Banks cannot enter into unfair trade practices: DSCDRC

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New Delhi, Jan 17 (UNI) The Delhi State Consumer Disputes Redressal Commission (DSCDRC) has categorically stated that the banks or any other financial institutions cannot enter into unfair trade practices of sending goons or making threatening calls to the consumer to recover their dues.

The State Commission has shown its concern over the manner in which lawyers are distorting facts to get the stay from the Delhi High Court on the orders passed by it which affects millions of consumers.

The Delhi High Court has recently stayed the State Consumer Court's order which had directed ICICI bank to pay punitive damages of Rs 50 lakhs to the consumer who were harassed by goons hired by the bank to extort some pending car instalments from the consumer and the bank failed to comply with the directions of the State Consumer Commission, paying Rs five lakhs to the consumer as damages.

DSCDRC president J D Kapoor said the Supreme Court and the National Consumer Redressal Commission have held that the financial institutions lending loans for cars etc cannot take law in their hands by taking possession of vehicles forcibly through goons and should enforce their legal right only through proper process of law.

Mr Kapoor said a multinational bank, ICICI had indulged in unfair trade practice of using musclemen and goons in seizing the vehicles forcibly for recovery of few instalments and the banks were forcing people to commit suicide.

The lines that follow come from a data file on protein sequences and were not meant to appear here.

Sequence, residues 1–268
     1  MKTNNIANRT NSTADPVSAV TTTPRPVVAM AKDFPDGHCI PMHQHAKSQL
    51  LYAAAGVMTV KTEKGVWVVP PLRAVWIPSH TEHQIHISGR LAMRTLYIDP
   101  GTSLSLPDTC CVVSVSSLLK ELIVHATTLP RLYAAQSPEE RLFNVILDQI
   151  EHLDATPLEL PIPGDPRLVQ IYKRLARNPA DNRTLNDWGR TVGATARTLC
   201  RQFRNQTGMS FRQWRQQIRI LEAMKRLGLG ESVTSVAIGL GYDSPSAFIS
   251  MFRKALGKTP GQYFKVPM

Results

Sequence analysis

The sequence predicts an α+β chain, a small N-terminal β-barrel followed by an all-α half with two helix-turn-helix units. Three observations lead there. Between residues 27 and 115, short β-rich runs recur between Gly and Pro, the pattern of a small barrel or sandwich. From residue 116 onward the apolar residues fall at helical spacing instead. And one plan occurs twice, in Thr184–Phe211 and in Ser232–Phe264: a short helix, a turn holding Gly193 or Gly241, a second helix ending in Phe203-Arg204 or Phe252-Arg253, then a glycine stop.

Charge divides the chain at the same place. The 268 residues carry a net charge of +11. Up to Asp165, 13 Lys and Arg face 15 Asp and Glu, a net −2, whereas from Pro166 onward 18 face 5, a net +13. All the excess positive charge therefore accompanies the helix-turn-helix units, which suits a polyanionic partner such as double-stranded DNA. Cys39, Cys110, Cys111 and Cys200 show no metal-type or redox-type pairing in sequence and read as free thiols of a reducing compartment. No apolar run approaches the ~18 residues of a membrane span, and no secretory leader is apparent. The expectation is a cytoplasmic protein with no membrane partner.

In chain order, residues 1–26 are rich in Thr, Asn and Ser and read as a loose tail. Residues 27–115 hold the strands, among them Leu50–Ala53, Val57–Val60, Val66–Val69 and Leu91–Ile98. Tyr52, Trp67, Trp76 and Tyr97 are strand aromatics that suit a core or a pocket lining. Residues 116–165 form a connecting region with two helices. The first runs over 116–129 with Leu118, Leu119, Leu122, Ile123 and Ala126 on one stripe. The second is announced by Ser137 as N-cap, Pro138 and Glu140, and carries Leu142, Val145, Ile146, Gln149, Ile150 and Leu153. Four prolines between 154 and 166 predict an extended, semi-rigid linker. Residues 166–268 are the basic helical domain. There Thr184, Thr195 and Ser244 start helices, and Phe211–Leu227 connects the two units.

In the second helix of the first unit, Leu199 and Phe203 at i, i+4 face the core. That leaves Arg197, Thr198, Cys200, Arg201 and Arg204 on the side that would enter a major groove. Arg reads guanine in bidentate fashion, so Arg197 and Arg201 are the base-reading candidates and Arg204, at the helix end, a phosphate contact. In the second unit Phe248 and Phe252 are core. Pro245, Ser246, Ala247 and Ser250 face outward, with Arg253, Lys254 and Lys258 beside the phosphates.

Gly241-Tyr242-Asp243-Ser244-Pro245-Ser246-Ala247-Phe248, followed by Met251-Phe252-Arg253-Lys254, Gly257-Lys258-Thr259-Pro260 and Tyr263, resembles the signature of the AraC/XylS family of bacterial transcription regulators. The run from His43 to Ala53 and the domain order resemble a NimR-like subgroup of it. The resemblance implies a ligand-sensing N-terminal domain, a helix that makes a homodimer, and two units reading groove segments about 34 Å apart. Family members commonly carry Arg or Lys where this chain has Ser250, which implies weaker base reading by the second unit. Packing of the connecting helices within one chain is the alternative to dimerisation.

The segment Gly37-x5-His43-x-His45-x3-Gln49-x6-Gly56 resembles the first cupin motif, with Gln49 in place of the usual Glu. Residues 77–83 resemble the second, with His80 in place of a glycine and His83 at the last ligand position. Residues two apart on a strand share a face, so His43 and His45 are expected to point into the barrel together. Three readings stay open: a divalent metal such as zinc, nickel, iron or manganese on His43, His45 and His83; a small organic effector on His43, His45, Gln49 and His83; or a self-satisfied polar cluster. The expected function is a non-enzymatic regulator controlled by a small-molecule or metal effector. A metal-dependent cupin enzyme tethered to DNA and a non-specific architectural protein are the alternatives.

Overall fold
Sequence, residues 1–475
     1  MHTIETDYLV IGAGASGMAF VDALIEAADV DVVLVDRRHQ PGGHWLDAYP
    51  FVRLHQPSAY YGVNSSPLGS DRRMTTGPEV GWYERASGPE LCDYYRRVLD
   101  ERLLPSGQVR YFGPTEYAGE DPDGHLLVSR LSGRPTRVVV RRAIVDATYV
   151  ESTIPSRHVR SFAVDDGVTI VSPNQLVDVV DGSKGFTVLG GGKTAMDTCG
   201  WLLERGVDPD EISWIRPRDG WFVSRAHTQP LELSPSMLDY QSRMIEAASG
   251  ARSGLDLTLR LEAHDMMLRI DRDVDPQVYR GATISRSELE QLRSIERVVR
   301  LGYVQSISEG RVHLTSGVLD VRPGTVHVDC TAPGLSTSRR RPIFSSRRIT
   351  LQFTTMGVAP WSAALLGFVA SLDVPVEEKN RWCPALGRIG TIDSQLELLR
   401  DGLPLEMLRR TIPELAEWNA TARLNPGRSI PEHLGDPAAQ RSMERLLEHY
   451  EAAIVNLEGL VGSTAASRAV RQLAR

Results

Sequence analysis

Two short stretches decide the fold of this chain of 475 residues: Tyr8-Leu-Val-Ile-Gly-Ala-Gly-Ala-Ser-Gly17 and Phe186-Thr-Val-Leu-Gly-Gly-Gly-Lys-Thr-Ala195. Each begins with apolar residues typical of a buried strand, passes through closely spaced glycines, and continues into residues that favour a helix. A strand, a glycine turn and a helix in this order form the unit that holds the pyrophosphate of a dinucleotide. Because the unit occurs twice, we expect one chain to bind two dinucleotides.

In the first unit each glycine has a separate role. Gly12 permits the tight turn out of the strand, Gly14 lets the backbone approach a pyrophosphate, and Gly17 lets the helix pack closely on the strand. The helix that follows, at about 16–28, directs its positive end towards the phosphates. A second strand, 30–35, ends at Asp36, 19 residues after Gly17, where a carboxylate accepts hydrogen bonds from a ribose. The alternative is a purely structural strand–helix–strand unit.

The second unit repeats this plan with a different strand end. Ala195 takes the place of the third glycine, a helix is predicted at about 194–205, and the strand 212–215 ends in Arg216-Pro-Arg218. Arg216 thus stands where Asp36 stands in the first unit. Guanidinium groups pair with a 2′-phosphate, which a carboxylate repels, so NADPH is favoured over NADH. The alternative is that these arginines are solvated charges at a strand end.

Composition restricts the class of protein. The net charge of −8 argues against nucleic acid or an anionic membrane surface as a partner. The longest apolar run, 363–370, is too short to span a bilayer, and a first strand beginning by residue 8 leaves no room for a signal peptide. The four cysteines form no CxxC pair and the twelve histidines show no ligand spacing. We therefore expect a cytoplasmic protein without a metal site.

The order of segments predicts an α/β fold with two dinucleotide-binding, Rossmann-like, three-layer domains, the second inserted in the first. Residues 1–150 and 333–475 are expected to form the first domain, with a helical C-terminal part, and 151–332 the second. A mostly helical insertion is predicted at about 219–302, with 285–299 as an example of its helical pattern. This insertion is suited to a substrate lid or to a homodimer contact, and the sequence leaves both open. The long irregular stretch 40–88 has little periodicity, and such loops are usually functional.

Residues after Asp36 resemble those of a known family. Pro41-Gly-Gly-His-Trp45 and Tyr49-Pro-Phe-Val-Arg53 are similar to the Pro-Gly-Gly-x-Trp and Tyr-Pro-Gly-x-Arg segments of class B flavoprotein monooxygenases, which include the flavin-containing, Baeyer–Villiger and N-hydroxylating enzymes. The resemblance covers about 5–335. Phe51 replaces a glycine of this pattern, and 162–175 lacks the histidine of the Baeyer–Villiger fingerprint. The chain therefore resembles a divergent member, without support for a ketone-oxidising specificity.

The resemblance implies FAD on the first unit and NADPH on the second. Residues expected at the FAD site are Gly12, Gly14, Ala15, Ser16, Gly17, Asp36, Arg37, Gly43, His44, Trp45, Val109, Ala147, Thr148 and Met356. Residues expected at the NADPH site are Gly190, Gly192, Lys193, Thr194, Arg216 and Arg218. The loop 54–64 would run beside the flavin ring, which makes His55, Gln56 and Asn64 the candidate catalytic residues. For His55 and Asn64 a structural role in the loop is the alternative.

The State Commission in its order dated November 2, 2007 had awarded compensation of Rs five lakhs to the complainant for mental agony, harassment and having suffered immensely for infliction of grievous injuries including those on the skull of son of a friend, who at the time of seizure of car was sitting inside the vehicle and remained admitted for 20 days or so in the hospital and as many as 17 stitches were administered on his skull and huge expenses were incurred in his treatment.

The State Commission further imposed Rs 50 lakhs as punitive damages on the bank for violating the orders of the commission.

Justice Kapoor said an impression was being given by the lawyers that State Commission is passing orders without any power or jurisdiction conferred upon it, under the Consumer Protection Act 1986, but it is not so, he added.

Mr Rajive Nayyar, lawyer for the ICICI bank had approached the Delhi High Court to stay the State Commissions order stating that under Section 27 of the Consumer Protection Act 1986, the State Commission does not have powers to grant 'Punitive Damges' beyond Rs 10,000.

However, the State commission says that under section 14(1)(d) and (f) of the act, it empowers the commission to impose punitive damages upto Rs one crore and has powers to give directions to all those who indulge in unfair trade practices to discontinue the same.

Justice Kapoor said the Punitive damages were not the same as penalties. Punitive damages do not involve element of sentence or imprisonment, fine or both. These damages were awarded when the circumstances of the case call for it, i.e the malafide, opressive or arbitrary, illegal conduct or act. Penalties were by way of punishment for non compliance or breach of the order passed by any court or judicial, quasi-judicial bodies.

He observed that in the past the commission has passed similar orders imposing punitive damages running into lakhs of rupees in number of cases against many banks, traders, service providers, public authorities like DDA, MCD, DJB and statutory authorities.

''This order will expose the lawyers who are misleading the High Court as to jurisdiction and powers of the State Commission in giving general directions to discontinue with the unfair trade practices or restrictive trade practices and also to remove defects and deficiency in services in question effecting lakhs of consumers,'' he added.

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